ATLANTA — The Republican outsiders have been getting a pass on their limited grasp of foreign policy in the presidential campaign. That may be ending.
Republicans favoured Donald Trump even after he acknowledged not knowing the difference between Hamas and Hezbollah. And they didn't fret over Ben Carson's mistaken belief that the Chinese are involved in the Syrian conflict.
Yet Friday's brutal attack in Paris sparked an urgent focus on national security that will test the appeal of the outsiders like nothing they've faced so far. Their lack of governing experience — an asset for much of the year as people rebelled against the establishment — now represents a question mark for Americans suddenly anxious about the nation's security and the prospect of another war.
"This is real life, a real crisis situation, and it reminds people of the importance of having a serious person as commander in chief," said Dan Senor, a foreign policy adviser for 2012 Republican nominee Mitt Romney and unaligned in 2016. "In a race where there are some serious candidates and some less-than-serious candidates, one would think that a distinction would be made."
Senor declined to name the "less-than-serious" candidates, but the inference was clear.
Trump, a real estate mogul-turned reality television star, has talked tough on foreign policy but struggled at times to demonstrate fluency on international issues. Carson, a retired neurosurgeon, is still getting up to speed on the world's many conflicts. When repeatedly pressed in a weekend Fox News interview to name an ally he'd contact to combat the Islamic State group, he said he'd call "all of the Arab states."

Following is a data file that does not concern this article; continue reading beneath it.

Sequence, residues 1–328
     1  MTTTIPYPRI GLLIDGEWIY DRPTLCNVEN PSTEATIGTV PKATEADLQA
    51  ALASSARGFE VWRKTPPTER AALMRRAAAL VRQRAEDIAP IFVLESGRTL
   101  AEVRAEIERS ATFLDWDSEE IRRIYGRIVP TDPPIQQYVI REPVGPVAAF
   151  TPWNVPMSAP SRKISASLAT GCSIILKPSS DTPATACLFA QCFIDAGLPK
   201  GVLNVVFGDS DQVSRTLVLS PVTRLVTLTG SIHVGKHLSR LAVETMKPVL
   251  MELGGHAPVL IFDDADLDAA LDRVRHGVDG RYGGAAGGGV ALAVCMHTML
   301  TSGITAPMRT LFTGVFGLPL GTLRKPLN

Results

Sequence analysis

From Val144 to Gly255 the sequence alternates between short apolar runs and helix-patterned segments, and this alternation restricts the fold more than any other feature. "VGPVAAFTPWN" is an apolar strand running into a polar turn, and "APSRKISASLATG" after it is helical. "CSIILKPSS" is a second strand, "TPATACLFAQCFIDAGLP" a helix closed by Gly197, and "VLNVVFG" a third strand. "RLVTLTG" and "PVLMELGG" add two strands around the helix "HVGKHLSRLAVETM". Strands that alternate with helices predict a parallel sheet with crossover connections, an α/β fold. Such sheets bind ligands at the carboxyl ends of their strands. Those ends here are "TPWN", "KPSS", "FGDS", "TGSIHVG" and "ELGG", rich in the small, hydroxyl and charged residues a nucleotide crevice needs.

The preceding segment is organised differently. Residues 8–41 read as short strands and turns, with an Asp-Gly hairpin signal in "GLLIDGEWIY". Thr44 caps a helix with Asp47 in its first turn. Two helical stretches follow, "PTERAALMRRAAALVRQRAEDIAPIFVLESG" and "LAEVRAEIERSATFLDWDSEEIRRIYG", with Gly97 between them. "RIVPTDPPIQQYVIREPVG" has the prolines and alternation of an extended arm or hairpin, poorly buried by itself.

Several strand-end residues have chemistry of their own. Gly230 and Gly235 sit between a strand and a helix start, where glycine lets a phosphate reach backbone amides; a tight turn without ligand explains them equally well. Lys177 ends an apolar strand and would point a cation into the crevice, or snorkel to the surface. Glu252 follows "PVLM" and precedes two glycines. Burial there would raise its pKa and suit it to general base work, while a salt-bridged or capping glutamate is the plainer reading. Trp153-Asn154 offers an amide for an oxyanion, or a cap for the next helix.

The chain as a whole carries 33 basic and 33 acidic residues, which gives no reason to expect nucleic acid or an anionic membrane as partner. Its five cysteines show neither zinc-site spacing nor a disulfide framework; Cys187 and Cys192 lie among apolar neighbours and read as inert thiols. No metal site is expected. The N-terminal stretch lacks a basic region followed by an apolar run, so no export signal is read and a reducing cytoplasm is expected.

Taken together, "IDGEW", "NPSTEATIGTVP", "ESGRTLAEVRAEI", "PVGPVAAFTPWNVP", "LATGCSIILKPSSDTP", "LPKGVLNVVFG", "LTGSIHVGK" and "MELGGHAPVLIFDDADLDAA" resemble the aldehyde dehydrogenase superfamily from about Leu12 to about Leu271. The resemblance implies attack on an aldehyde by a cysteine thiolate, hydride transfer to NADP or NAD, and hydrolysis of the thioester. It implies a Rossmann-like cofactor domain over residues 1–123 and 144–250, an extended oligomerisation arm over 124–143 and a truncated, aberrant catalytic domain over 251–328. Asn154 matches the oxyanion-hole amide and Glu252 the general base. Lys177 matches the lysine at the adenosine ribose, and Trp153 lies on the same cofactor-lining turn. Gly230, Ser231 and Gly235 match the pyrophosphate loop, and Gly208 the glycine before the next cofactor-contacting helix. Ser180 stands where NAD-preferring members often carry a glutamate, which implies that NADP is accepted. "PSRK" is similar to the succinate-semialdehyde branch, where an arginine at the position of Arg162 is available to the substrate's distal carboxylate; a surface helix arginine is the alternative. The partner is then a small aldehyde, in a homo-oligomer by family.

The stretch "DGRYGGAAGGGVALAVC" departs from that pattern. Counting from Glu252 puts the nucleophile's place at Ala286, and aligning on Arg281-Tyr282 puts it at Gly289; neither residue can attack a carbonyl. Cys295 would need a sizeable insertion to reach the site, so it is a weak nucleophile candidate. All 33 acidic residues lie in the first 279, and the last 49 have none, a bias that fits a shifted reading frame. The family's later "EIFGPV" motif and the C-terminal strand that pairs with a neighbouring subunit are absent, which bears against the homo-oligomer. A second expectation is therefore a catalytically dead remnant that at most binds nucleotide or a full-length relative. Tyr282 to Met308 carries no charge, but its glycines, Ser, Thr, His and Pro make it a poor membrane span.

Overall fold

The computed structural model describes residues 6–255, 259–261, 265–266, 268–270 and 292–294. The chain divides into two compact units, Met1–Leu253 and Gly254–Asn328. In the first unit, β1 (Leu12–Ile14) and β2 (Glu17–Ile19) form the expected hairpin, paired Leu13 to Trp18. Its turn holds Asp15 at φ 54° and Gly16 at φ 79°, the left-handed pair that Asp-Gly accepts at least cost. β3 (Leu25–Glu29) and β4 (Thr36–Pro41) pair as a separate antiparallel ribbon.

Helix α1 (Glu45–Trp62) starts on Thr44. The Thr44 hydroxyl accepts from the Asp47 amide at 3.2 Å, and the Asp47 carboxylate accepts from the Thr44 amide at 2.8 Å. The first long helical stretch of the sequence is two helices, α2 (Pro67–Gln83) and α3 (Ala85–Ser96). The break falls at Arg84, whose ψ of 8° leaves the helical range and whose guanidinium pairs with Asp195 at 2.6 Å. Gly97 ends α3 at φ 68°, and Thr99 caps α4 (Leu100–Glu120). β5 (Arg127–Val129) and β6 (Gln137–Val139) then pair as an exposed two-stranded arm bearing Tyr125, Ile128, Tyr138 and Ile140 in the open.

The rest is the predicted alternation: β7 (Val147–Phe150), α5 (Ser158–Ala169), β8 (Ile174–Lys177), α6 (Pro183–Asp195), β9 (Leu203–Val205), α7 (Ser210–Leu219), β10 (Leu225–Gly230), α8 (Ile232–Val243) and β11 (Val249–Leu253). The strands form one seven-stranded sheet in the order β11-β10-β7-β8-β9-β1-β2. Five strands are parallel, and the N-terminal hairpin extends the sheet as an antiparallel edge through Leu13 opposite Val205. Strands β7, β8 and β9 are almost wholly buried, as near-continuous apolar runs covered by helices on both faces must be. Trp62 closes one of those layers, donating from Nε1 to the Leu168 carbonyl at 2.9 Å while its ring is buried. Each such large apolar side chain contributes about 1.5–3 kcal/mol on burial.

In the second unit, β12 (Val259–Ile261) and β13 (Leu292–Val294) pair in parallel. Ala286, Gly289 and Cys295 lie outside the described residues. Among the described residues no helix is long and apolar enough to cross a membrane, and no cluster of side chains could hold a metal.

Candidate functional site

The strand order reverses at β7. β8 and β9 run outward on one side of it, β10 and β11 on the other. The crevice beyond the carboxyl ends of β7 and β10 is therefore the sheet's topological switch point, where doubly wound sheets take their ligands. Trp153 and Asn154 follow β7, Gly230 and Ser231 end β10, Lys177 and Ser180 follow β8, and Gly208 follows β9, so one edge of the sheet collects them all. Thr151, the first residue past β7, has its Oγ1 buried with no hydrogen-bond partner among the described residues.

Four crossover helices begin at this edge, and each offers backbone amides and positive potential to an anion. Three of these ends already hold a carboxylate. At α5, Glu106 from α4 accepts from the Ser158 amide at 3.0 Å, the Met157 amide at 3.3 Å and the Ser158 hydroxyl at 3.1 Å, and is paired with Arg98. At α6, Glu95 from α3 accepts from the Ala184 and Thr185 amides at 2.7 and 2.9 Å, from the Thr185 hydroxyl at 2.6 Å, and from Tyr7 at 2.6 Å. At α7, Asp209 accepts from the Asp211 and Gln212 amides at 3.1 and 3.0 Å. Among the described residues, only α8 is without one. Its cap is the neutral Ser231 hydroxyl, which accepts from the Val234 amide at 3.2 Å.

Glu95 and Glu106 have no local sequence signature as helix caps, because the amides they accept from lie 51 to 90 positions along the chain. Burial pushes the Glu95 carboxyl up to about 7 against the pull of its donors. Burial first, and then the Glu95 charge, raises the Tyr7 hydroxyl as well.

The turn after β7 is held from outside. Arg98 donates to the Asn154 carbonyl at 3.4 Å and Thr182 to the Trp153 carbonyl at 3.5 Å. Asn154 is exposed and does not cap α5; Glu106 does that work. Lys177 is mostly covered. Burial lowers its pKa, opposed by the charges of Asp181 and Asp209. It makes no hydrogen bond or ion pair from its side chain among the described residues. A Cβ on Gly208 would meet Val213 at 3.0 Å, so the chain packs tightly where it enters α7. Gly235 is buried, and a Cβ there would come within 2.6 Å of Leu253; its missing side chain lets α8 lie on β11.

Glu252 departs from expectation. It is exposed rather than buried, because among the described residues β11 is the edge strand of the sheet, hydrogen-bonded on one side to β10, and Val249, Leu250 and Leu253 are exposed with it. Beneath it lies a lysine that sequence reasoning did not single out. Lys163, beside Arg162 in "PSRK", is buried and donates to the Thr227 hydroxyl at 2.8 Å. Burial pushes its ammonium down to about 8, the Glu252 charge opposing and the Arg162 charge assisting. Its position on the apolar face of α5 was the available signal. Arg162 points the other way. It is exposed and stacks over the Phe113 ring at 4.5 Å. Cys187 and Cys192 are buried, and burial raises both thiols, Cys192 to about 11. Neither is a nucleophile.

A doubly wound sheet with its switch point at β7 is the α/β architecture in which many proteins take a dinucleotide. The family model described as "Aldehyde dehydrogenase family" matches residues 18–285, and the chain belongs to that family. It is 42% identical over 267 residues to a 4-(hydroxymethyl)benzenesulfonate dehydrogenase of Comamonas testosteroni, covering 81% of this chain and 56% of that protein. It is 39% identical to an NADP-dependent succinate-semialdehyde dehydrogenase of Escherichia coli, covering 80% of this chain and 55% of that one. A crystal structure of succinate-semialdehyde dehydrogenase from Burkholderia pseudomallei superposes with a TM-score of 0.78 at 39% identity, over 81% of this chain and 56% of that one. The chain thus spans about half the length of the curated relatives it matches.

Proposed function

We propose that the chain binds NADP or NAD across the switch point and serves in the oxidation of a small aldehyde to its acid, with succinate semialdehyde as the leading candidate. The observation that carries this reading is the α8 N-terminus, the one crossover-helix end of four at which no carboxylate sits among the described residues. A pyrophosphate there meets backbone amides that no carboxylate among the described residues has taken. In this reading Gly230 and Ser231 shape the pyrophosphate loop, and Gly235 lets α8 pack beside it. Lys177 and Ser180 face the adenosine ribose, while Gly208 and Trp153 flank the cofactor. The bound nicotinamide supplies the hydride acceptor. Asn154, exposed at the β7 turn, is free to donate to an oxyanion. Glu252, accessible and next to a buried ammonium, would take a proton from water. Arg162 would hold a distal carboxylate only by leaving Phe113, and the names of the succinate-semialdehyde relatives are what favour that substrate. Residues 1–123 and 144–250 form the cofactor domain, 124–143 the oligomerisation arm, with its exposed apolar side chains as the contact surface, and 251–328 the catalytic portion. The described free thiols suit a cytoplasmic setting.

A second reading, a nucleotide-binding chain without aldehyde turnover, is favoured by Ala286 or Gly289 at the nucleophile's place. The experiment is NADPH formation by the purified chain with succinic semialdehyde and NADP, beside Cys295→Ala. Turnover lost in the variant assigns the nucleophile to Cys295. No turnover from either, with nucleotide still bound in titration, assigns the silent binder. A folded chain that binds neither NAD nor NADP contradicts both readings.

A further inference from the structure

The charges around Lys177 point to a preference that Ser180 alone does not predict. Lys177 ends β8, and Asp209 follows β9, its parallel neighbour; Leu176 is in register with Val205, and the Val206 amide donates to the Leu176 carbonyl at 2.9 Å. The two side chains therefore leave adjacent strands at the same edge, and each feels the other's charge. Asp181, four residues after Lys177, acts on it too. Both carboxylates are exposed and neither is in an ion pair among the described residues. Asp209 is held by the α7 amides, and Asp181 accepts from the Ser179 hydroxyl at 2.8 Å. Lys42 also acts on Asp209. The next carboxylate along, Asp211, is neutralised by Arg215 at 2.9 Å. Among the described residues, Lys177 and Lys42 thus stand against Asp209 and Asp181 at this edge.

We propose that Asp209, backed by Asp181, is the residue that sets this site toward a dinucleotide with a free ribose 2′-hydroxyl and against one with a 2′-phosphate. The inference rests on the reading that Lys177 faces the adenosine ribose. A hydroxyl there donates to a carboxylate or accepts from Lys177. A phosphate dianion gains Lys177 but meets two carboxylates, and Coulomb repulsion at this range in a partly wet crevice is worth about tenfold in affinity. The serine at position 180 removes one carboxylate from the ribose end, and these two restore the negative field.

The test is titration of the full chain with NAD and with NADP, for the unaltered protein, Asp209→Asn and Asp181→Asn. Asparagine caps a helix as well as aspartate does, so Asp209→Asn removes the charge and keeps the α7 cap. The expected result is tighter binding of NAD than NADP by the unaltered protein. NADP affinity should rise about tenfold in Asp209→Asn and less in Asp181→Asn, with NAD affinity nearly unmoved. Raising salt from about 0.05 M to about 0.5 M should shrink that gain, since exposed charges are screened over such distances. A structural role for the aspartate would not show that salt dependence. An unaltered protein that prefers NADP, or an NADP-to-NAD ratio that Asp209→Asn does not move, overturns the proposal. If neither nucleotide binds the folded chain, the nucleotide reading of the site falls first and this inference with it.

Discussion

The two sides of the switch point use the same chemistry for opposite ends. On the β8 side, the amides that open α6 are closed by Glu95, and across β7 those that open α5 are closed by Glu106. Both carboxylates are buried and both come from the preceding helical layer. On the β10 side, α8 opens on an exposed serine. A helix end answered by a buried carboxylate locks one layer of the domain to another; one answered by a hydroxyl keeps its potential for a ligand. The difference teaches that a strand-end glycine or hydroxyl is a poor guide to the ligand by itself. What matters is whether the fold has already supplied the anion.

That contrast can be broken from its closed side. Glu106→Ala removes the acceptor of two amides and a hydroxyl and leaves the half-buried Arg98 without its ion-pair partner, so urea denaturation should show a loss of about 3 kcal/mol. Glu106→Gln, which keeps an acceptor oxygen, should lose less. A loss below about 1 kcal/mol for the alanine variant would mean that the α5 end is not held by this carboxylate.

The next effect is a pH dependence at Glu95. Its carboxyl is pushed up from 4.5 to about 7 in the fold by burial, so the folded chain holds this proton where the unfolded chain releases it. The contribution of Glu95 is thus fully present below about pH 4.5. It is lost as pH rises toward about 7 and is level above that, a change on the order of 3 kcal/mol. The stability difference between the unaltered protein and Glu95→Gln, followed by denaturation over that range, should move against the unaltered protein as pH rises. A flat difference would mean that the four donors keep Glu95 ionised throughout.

Carson campaign manager Barry Bennett said the campaign was looking to add foreign policy advisers, even before the Paris attack that left at least 129 people dead. Carson had a three-hour lunch last week with former Secretary of State Henry Kissinger, for example.
Bennett says Carson is hardly alone in his lack of foreign policy experience.
"Who has experience on the international stage?" he asked of the 2016 Republican field. "There is nobody. Jeb Bush doesn't have any. Ben Carson's been to more countries than Marco Rubio."
South Carolina Sen. Lindsey Graham, an Air Force veteran, has made national security the primary focus of his campaign. The rest of the GOP field, however, has limited experience with foreign affairs.
Bush is among a half dozen governors or former governors in the contest who led their states' National Guard apparatus and sometimes travelled abroad for trade missions. Among the four senators in the race, Rubio and Kentucky Sen. Rand Paul often examine complicated international issues as members of the Senate Foreign Relations Committee, while Graham and Texas Sen. Ted Cruz focus on military issues on the Senate Armed Services Committee.
Trump has repeatedly refused to answer direct questions about who's been advising him, other than mentioning 79-year-old business magnate Carl Icahn. In August, he suggested he gets foreign policy advice from watching television.